The Emerging Market Research Institute at Credit Suisse has an intriguing report out on "Opportunities in an Urbanizing World." From the "Editorial" at the start:
"[T]he world's population is migrating from rural areas--accounting for 70% of global population in 1950--to cities--accounting for 70% of global population by 2050 based on United Nations projections. In 2009, the percentage of the planet's population living in urban areas crossed the 50% threshold and by 2037 cities in developing nations will contain half the world's total population. .... "
Here's a figure to illustrate the point. World population is divided into four groups. As recently as the 1990s, more than half all the world population lived in rural areas of developing countries. The projections are that in 25 years, more than half of world population will live in urban areas of developing countries.
The coming urbanization will be almost entirely a developing country phenomenon: "Looking at population projections in the world's 15 largest urban agglomerations in 2025, we note that just two--Tokyo and New York City--are in developed countries. Not a single one of the world's 25 fastest projected growing major cities is in a developed country." But even within developing countries, a number of countries are already seeing decelerating urbanization, because their levels of urbanization are already 70-90% of the population, and so there isn't much more room to urbanize. For example, Malaysia, Mexico, Peru, Colombia, Turkey, Czech Republic, Russia and Hungary all have urbanization rates already above 66%, and Argentina, Brazil, Chile, South Korea and Saudi Arabia all have urbanization rates already over 80%.
But another group of countries, mostly in Asia and Africa, but also including Poland, are seeing accelerating urbanization: South Africa, Morocco, Nigeria, Poland, China, Philippines, Indonesia, Egypt, Thailand, Pakistan, Vietnam, Bangladesh, India, Kenya. As the report points out, this list includes six of the eight largest countries by population in the world, and about 55% of world population.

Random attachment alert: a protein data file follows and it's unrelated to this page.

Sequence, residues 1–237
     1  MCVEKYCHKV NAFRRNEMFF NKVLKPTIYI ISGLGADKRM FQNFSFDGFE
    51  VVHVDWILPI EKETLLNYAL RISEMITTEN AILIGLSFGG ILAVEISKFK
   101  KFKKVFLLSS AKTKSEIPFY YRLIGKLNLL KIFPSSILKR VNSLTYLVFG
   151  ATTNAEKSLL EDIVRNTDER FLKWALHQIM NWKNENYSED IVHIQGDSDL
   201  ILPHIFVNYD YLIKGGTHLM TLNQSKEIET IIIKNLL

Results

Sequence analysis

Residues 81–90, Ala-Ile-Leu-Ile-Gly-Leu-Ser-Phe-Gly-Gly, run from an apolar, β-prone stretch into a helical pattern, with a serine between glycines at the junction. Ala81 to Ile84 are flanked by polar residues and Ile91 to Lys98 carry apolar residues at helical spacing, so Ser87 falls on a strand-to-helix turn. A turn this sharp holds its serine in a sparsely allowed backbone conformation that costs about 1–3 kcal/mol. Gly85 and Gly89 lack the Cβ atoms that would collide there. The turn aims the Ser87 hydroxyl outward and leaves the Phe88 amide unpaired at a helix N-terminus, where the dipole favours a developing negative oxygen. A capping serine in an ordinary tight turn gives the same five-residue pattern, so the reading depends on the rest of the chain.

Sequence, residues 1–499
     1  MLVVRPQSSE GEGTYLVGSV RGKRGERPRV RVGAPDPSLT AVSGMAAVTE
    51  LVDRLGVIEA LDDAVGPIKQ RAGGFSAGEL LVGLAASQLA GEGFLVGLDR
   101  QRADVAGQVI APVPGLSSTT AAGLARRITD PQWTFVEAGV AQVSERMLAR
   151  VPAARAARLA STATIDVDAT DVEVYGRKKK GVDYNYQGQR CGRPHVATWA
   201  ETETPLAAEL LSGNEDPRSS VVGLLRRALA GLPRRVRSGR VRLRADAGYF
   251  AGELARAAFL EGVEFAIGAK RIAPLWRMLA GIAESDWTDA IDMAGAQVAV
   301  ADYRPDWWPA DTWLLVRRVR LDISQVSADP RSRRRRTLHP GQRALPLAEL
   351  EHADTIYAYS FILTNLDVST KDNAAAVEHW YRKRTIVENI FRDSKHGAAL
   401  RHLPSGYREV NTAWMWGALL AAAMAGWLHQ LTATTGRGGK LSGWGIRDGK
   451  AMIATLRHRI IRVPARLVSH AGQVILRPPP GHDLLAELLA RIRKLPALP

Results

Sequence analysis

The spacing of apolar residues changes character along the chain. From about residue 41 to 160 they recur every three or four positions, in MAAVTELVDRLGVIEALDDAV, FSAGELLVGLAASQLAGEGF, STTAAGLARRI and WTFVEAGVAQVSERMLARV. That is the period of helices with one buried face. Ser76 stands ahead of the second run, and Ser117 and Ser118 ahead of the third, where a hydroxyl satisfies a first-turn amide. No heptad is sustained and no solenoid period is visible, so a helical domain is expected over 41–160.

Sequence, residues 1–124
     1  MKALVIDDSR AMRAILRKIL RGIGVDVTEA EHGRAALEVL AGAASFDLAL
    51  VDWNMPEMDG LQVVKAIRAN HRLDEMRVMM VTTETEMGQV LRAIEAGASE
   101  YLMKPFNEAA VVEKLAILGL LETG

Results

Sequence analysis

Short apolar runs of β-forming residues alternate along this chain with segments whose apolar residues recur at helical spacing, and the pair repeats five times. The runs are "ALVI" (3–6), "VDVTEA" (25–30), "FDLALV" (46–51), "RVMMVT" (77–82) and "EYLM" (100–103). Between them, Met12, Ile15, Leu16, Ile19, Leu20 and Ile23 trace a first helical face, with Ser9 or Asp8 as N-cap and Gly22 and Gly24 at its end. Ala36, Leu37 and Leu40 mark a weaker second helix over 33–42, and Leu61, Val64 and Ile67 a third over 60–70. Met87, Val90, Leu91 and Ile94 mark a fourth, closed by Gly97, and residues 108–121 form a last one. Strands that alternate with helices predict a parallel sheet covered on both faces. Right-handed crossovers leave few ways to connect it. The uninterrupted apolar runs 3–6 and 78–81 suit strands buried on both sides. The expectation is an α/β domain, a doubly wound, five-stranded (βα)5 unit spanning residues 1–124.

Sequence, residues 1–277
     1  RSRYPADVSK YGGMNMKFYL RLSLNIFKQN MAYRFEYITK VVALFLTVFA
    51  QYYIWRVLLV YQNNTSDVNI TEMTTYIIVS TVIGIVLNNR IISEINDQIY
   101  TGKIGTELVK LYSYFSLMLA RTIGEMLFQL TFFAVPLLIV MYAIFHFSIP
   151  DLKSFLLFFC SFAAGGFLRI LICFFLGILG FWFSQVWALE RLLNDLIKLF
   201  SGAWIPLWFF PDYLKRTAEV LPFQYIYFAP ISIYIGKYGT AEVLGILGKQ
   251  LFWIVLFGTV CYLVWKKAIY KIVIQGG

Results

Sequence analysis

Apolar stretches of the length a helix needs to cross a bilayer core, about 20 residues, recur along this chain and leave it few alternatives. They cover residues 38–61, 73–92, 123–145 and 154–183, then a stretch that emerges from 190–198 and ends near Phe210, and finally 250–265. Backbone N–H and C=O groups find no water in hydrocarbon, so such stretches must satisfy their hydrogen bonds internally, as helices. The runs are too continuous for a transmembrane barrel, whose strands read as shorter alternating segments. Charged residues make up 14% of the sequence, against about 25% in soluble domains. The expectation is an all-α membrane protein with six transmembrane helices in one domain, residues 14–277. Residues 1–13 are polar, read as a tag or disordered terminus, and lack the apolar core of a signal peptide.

The report argues: "Exploring the relationship between per capita economic growth and urbanization, we find that there is a sweet-spot as countries urbanize (in the range of 30%-50% of total population), accompanied by peak per capita GDP growth." It offers a discussion of each these countries of accelerating urbanization.
Here, I'll just make the overall point that urbanization creates economies and diseconomies. On one side, it concentrates, consumers, workers, and firms in a way that allows a flow of information, goods, and services that feeds specialization, economies of scale, technological development, and economic growth. On the other side, it also concentrates problems of pollution, crime, poor health, poverty, and corruption, and raises needs for physical infrastructure and working institutions. The politics and economics of the future are likely to be hammered out, one issue at a time, for better or worse, in the large cities of developing countries. I discussed some of these broader issues of urbanization in "The Coming Urban World" in a post last August 29, 2011.
I discovered the Credit Suisse report via a post by Alex Tabarrok at Marginal Revolution.